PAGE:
Lesson in good taste

Chris and Julie Horne with chef Darren Goodwin
Chris and Julie Horne with chef Darren Goodwin
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A Peak District cookery school has set up a gourmet supper club that’s in a class of its own, Lesley Draper discovers...

ITS prospectus is a Who’s Who of the local food scene – featuring artisan bakers, award-winning chefs and even a TV personality or two…

If you want a job doing properly, call in the experts, they say. And, on that basis, Hartingtons of Bakewell is the place to go if you want to learn about food.

They run courses on everything from bread and cheese making to brewing and charcuterie. But for those who don’t aspire to a place in the next series of Masterchef, it’s all been a bit too much like hard work. Until now.

The latest addition to the list of courses on offer at Hartingtons is a gourmet supper club. And the good news, for anyone who looks on cooking as a chore rather than a pleasure, is that it doesn’t involve so much as peeling a spud.

The cookery school is run by Chris and Julie Horne, who launched their project back in 2010.

“When we got together we were both keen amateur foodies – and we both loved the idea of a cookery school,” says Chris, a former town planner.

They named their company Hartingtons, after the Dukes of Devonshire, and set up their base in an old saw mill, overlooking the River Wye.

The space is light and airy, with a sloping roof, old oak beams, and high-tech stainless steel ovens that add a 21st century flourish.

Courses are run by specialists in their field and on the night of our visit the kitchen has been handed over to Darren Goodwin, head chef at Losehill House Hotel & Spa near Hope. He has a reputation for fine cuisine – tasty food, complete with all the frills – so we should be in for a treat.

On the other hand, he admits: “It’s the first time I’ve cooked outside the kitchen. And I’m not used to induction hobs…”

The gourmet supper evenings have been introduced to promote the school’s work: “We wanted to showcase the most interesting and innovative chefs,” says Chris. “We wanted people coming for one night only and having something completely unique, that they can’t go to a restaurant and order the next day.”

Tonight’s gourmet tasting menu previews spring flavours of the Peak District, “guaranteed to banish those winter blues for good”. (Little did they know!)

Each course is accompanied by an appropriate wine, selected and introduced by Jane Cummings of locally-based John Hattersley Wines.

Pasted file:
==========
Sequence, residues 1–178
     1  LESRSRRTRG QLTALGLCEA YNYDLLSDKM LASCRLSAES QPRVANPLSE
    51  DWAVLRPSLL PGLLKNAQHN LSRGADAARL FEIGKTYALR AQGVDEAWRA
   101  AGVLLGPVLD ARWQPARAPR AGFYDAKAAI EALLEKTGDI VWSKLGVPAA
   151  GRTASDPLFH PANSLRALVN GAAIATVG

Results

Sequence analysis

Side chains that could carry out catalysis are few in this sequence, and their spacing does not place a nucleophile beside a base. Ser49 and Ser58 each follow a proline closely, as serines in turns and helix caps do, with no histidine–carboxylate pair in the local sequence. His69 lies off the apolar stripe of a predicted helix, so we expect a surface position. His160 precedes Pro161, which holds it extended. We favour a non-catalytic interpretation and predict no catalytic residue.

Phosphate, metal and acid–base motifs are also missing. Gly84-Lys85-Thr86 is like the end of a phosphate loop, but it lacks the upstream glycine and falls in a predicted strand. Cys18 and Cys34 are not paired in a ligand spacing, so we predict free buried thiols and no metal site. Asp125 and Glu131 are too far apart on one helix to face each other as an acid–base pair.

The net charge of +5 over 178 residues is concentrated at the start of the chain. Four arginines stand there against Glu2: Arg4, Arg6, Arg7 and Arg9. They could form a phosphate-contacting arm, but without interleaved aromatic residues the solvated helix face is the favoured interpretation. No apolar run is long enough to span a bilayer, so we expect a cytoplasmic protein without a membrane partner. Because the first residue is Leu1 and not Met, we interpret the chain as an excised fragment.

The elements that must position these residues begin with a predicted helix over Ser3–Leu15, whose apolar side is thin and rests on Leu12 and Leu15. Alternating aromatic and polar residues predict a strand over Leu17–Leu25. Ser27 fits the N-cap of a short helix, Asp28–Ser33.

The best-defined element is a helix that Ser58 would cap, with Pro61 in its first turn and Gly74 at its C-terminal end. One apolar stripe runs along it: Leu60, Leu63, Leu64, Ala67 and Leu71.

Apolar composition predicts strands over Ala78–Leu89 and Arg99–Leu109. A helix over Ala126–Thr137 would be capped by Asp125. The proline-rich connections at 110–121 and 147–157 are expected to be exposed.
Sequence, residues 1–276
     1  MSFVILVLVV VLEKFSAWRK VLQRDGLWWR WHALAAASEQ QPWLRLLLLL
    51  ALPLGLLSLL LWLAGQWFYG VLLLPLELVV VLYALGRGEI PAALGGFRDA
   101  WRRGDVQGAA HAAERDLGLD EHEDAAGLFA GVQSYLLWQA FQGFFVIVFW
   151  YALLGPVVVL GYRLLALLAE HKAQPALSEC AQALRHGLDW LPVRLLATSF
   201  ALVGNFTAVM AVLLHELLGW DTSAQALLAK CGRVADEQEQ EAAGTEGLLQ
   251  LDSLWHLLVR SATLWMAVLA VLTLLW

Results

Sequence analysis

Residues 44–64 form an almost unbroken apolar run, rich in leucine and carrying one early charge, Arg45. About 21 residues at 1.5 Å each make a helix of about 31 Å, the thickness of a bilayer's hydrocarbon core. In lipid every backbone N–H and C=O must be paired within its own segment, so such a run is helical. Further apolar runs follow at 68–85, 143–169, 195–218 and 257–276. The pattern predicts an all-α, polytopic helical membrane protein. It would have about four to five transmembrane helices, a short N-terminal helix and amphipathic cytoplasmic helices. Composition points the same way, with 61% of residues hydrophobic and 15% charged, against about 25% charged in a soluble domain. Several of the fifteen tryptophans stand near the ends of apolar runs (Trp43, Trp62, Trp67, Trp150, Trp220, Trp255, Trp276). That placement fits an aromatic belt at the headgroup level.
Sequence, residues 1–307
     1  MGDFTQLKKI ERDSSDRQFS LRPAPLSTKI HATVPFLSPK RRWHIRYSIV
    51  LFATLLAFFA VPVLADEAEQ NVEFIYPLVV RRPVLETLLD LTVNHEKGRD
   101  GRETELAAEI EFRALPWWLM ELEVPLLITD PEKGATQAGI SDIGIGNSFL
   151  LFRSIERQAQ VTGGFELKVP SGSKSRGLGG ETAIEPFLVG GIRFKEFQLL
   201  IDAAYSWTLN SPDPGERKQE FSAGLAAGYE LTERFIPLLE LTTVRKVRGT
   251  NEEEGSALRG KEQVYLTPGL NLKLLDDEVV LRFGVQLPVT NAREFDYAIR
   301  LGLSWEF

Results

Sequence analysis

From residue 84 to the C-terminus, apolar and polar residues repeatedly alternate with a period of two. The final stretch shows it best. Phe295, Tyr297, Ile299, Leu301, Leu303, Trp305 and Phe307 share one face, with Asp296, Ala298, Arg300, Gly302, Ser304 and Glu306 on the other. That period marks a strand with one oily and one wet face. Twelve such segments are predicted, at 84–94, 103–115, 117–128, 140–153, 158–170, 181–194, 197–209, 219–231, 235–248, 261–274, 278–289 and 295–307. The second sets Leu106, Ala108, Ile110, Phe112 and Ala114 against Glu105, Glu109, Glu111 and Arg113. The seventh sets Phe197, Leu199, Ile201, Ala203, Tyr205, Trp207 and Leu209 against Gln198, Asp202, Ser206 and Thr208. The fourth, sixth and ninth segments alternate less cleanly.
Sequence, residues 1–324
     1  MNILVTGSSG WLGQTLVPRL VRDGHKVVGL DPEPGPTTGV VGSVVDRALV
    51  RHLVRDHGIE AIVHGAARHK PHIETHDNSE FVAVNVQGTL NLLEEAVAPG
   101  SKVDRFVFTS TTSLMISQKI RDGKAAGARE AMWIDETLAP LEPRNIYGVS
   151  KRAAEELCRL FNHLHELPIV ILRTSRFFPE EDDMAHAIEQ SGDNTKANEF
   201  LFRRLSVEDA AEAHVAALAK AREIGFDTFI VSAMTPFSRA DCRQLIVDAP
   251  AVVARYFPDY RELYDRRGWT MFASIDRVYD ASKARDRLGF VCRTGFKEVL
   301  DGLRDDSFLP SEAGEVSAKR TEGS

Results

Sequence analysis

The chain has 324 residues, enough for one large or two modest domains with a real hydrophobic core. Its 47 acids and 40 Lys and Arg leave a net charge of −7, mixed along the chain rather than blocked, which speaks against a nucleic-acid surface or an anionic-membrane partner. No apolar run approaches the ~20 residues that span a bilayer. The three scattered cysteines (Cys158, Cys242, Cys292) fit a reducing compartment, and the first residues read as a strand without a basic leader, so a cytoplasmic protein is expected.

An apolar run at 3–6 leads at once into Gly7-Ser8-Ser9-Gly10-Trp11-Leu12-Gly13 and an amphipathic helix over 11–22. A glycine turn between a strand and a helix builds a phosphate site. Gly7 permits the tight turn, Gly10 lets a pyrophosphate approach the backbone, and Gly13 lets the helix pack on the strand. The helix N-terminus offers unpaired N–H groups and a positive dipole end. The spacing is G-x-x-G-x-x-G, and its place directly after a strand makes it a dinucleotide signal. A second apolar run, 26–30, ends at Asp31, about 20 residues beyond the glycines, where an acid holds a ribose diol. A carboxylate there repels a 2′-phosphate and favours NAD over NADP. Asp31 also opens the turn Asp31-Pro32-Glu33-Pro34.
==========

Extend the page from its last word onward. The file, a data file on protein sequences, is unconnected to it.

We’re greeted with a glass of sparkling Lunetta Rose Spumante to accompany hors d’oeuvres: tiny squid ink macaroons, cheesy bite-size gougères and mini cubes of curried goat’s cheese.

As we’re shown to our seats the cookery school is very much in evidence.

Metal-framed chairs and collapsible tables are fair enough, but a few tablecloths and a centrepiece or two would give a less utilitarian feel. And, since it’s a ‘gourmet’ meal, fresh cutlery for each course.

Darren serves up a complimentary appetiser of frozen margarita, and plates laden with three kinds of fresh bread.

Starter is ‘Rabbit in the Garden’, a quirky dish of braised, pressed rabbit, sitting on a bed of soil-like quinoa, with a salad of carrots, radishes, spring onions and pea shoots – Beatrix Potter would have loved it!

The fish course is mackerel, cooked in a water bath then blowtorched to a crisp finish. A sliver of squid ink jelly, blobs of intense citrus, cubes of beetroot mousse, samphire and al dente asparagus spears complete the picture, adding bursts of colour, flavour and texture.

The jury’s still out on sous vide so far as I’m concerned. There’s no question that it cooks foods accurately, but you can’t beat pan-fried fish if you want a crisp, tasty skin. And this wasn’t.

Next the main event – loin and shoulder of kid goat – one of Darren’s specialities that I’ve been wanting to try for ages.

The meat tastes a lot like lamb, but is less greasy. Loin (cooked sous vide) is a bit chewy, but braised shoulder is fall-apart tender and delicious, served with wild garlic potatoes, baby carrots and leeks and inspired crisp-coated cubes of white sauce.

The theatrical highlight of the evening is a pre-dessert of aniseedy sorrel posset, curled into an S, studded with tangy goat’s curd, nutty granola and intense lemon jelly – and served with a bowl of dry ice that’s ignited into a swirling, lemon-scented mist. Bravo!

Finally rhubarb and custard. Not as we know it, but a beautifully balanced combination of meringue, rhubarb ice cream, steamed fruit and vanilla sauce.

We finish our meal with coffee and a first taste of the new Hartington Peakland Blue cheese: every bit as good as any stilton I’ve tasted.

Supper club seats, including all food and wines, are £40.

Verdict: Great venue for cookery classes or dinner with a difference.

Open: Next gourmet supper club is A Cossack Feast on May 4

Hartingtons, Rutland Mill, Coombs Road, Bakewell (01629) 888 586

Hartingtons